Music Care in the NICU – Pacifier Activated Lullaby Device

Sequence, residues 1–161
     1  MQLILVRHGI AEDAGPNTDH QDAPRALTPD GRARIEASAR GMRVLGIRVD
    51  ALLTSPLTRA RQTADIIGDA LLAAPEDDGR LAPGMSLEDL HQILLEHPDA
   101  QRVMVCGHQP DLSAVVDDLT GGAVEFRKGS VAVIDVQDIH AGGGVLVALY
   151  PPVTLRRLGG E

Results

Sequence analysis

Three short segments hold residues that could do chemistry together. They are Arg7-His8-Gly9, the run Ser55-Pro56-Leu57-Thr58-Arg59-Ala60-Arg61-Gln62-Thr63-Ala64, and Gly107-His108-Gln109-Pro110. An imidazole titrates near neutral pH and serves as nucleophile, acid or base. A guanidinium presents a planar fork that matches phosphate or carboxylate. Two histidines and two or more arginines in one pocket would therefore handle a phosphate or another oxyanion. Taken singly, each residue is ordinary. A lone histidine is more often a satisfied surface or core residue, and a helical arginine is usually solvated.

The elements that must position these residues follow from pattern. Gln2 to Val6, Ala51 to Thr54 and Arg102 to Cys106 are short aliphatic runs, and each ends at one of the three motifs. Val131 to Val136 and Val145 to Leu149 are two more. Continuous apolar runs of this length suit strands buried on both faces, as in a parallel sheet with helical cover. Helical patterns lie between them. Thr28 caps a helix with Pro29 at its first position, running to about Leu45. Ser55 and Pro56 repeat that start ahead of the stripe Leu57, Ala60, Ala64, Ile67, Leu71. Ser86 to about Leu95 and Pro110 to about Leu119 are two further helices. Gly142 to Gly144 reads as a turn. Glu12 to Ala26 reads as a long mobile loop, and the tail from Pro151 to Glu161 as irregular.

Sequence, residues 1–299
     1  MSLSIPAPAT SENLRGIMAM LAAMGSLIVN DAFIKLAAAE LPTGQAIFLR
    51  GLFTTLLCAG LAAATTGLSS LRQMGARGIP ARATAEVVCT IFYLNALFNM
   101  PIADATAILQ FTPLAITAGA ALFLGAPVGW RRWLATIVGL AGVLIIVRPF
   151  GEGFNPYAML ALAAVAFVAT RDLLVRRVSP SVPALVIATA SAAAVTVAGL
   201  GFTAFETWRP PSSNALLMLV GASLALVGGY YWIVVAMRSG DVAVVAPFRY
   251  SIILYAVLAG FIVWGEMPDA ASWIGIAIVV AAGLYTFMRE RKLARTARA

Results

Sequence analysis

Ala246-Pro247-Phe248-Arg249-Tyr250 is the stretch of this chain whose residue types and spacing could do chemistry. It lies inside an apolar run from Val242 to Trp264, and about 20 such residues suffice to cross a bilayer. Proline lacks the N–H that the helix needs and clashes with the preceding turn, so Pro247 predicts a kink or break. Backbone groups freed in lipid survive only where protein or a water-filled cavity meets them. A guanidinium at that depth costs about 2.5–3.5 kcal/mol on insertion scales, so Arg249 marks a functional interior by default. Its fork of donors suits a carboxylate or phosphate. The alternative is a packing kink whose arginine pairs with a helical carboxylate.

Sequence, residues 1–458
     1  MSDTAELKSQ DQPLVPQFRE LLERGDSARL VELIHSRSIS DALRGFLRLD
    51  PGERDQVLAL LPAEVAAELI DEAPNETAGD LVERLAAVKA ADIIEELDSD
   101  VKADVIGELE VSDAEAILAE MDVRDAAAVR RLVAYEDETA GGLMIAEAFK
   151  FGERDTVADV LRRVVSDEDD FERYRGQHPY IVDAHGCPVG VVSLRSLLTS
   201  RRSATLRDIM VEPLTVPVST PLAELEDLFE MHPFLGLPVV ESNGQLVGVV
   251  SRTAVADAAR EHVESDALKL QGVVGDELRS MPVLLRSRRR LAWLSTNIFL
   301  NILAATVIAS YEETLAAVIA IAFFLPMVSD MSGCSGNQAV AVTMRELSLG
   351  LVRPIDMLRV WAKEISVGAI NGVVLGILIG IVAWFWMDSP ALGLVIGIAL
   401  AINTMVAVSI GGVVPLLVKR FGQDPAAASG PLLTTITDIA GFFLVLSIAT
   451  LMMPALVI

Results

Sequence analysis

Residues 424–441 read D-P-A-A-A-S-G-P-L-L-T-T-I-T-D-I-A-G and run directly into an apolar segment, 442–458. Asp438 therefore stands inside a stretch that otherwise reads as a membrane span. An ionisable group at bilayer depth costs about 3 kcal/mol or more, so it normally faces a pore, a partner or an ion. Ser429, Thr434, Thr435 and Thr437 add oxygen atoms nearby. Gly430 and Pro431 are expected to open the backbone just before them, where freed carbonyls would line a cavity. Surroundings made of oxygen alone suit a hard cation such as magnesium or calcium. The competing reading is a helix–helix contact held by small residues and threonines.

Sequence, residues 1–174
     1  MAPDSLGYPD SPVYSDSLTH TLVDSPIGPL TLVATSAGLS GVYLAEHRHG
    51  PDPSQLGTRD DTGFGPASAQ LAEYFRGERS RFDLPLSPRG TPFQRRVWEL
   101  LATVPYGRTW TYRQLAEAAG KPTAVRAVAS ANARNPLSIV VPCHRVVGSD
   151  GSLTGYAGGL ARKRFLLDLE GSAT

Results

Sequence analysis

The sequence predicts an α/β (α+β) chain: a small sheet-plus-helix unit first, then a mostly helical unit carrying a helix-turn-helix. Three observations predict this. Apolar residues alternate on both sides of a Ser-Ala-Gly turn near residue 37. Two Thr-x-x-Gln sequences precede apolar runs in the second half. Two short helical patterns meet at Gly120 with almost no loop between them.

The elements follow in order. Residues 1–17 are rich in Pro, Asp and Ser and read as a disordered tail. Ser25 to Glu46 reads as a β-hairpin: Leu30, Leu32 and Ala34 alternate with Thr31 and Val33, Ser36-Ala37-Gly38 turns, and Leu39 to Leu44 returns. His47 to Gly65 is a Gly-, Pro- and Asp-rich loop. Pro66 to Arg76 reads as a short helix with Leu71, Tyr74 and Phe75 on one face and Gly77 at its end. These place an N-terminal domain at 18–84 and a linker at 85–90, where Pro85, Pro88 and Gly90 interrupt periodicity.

Each year in Canada, 8% of babies are born prematurely. In the US, that number is 12%. In both countries, premature births are up more than 25% since the 1980s. Although most pregnancies last about 40 weeks, premature or preterm birth is medically defined as childbirth occurring earlier than 37 completed weeks of gestation. Premature babies, sometimes called preemies, are extremely fragile and have an increased risk of death in the first year of life. Prematurity is the leading cause of newborn death within one month of birth in 25% of cases. Survival rates for preemies in the NICU have increased over the past several years while the cost of hospitalization has increased. As well, the benefits of using music with preemies has been researched and documented. For example, according to studies done by music therapist Jane Standley at Florida State University, positive outcomes of music with premature infants listening to lullabies had significant reduction in: • weight loss • length of stay in NICU/isolette/hospital • stress behaviors A new musical device, developed by Dr. Standley, reduces the length of a premature infant’s hospital stay by an average of 5 days. This innovative instrument, known as Pacifier Activated Lullaby (PAL) is now being sold to hospitals through a partnership with Powers Device Technologies Inc. PAL uses a specially wired pacifier and speaker to provide musical reinforcement each time the baby sucks on it correctly. By continuing the sucking motion, the babies hear more of the pleasing, gentle music. The infants learn to suck while being comforted by the music. Standley says “Unlike full-term infants, very premature babies come into the world lacking the neurologic ability to coordinate a suck/swallow/breathe response for oral feeding. The longer it takes them to learn this essential skill, the further behind in the growth process they fall. PAL uses musical lullaby reinforcement to speed this process up, helping them feed sooner and leave the hospital sooner.” Reflecting on the impact of this seemingly simple concept and device, I could have used PAL when our youngest child was born prematurely, at 36 weeks. For the first 4 days, she was in NICU in an isolette, hooked up to machines, intravenous. When we were finally able to begin breastfeeding, her sucking reflex was faint, almost non-existent. It took perseverance and the help of an amazing nurse to stimulate our wee one to latch on and begin to suck. The auditory stimulation and reinforcement would have enhanced the process. Perhaps these two parents, one dad and one mom, would agree. In any event, the songs they have each written about their personal experience helps us understand and even empathize with both the auditory and emotional perceptions in the NICU.  

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